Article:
In Episode 33 of the “Boys Are From Märzen” podcast, Kindsey Bernhard is joined by Diamon Bell of Beer Is Not For Boys.
Bell decided to start Beer Is Not For Boys to show that women love craft beer just as much as men, if not more.
When we think about women in beer, it’s important to remember that beer is an industry like any other, made up a wide range of roles and responsibilities. Increasing representation of women in beer and creating an equal working environment means encouraging and supporting women in all areas of the industry, including fields that aren’t specific to beer itself, because the very nature of genuine diversity involves ensuring it exists across the board. One area women are making huge strides, both in numbers and in prominence, is the arena of beer writing. Once just as male-dominated as the brewhouse, the field of beer journalism has opened up significantly in recent years, with women putting themselves forward, and supporting and enabling their peers through a network of mentorship, collaboration and education. One of the women leading this particular charge has been PorchDrinking’s own Southwest editor, Pam Catoe.
In Episode 32 of the “Boys Are From Märzen” podcast, Kindsey Bernhard is joined with Eugenia Brown, founder of Beer Chick, LLC.
The Charlotte resident has turned her love of craft beer into helping other women of color who want to work in the beer industry through her Road to 100 initiative.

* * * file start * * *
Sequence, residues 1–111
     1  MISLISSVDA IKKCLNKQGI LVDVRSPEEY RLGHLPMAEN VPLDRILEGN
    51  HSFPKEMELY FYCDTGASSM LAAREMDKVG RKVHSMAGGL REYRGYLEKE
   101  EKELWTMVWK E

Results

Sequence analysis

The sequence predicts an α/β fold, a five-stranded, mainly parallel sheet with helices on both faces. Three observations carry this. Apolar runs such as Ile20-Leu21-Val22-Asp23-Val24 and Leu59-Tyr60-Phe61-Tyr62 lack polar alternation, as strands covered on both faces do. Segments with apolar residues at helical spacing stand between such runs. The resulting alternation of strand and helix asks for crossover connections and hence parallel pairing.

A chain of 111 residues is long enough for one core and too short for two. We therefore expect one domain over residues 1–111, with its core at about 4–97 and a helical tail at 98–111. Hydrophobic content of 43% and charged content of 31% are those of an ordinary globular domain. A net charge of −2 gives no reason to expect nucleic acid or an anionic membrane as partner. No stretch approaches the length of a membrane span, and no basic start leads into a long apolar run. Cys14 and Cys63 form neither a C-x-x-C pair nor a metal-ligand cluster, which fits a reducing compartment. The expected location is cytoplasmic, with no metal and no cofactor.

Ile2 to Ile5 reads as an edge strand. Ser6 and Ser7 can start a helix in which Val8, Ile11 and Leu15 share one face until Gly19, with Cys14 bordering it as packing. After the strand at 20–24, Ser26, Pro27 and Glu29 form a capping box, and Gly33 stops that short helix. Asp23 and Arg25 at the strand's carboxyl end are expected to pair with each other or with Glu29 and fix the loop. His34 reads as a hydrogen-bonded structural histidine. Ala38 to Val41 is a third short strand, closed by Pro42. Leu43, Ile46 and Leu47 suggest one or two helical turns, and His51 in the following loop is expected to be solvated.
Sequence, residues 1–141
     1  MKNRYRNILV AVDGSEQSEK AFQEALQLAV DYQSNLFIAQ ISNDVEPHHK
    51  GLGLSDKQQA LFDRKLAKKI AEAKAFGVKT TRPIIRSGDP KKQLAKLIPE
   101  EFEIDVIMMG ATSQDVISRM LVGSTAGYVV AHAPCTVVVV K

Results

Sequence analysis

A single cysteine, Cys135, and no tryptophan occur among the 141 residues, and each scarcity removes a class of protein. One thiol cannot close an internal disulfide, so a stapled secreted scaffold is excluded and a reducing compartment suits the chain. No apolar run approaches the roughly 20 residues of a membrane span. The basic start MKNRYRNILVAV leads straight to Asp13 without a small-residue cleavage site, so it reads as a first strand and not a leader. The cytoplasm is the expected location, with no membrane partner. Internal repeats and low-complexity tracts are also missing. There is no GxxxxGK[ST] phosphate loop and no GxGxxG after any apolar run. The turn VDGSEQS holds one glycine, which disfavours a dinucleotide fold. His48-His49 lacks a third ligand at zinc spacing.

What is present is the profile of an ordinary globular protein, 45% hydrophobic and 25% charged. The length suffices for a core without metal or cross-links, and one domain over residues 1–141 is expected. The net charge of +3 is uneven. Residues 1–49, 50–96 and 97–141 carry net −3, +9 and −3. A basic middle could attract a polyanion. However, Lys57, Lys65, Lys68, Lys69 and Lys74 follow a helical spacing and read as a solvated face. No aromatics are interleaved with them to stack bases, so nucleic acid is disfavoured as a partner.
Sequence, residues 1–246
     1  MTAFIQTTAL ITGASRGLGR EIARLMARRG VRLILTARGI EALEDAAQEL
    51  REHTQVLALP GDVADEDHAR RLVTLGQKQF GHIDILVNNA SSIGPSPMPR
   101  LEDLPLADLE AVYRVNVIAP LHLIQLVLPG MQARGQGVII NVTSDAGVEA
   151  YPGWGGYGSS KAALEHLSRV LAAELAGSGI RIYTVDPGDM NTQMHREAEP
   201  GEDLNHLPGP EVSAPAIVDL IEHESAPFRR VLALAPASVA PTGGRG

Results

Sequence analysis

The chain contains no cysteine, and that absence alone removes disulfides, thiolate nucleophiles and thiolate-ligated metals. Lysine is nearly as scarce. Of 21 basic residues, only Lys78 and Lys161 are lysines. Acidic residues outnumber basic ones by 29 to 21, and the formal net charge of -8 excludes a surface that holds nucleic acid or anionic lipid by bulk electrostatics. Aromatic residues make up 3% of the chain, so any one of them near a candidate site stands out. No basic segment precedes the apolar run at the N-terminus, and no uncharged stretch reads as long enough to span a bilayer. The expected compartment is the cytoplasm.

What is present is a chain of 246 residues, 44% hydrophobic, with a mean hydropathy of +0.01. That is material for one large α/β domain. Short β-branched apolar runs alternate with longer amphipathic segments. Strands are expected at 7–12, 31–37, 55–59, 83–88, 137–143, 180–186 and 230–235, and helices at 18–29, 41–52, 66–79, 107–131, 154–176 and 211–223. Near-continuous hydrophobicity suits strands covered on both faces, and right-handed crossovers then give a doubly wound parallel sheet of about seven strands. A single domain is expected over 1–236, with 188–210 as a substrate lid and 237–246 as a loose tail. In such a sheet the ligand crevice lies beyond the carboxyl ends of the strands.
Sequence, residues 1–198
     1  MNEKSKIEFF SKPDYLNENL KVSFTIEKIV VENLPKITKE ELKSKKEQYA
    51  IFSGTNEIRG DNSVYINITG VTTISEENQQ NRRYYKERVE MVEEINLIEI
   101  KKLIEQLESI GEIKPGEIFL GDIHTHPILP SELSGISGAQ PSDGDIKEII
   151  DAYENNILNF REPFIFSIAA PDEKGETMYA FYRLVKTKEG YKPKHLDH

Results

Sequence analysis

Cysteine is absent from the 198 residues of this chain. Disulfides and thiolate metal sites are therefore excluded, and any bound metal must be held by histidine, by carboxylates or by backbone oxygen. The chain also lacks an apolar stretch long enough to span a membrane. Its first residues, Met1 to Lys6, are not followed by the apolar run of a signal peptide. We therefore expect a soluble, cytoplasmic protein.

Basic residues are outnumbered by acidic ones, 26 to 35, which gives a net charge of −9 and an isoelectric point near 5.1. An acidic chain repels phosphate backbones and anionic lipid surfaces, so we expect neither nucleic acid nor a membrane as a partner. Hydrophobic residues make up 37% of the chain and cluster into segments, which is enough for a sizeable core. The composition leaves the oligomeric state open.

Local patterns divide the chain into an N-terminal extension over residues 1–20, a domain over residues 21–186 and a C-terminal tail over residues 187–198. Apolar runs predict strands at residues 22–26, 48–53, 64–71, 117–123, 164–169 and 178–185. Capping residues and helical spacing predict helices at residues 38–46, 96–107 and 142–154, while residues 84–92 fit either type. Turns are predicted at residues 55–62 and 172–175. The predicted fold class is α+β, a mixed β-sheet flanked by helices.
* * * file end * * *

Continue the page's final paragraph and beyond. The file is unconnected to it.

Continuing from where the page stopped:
There’s something about working alongside family that can make things a little easier. When you don’t have to put on a face, you can get things done, you can make things happen, and you can use that to be a success. Generations of farmers know this, embrace it, and pass it on to their children. And sometimes that can lead to new business, innovation and tasty beer. Or, maybe that’s just the case for Grand Rapids, Michigan-based farm brewery, Pink Barrel Cellars.
Have you ever wanted to have a beer named after yourself? Well, all you need to do is found a city and then have a brewery open in that city 172 years later.
That’s what happened to Martha Ann Wood. Wood and her husband Bartholomew settled and founded the city of Hopkinsville, KY in 1796. There, Martha and her husband spent the rest of their lives with their 11 children.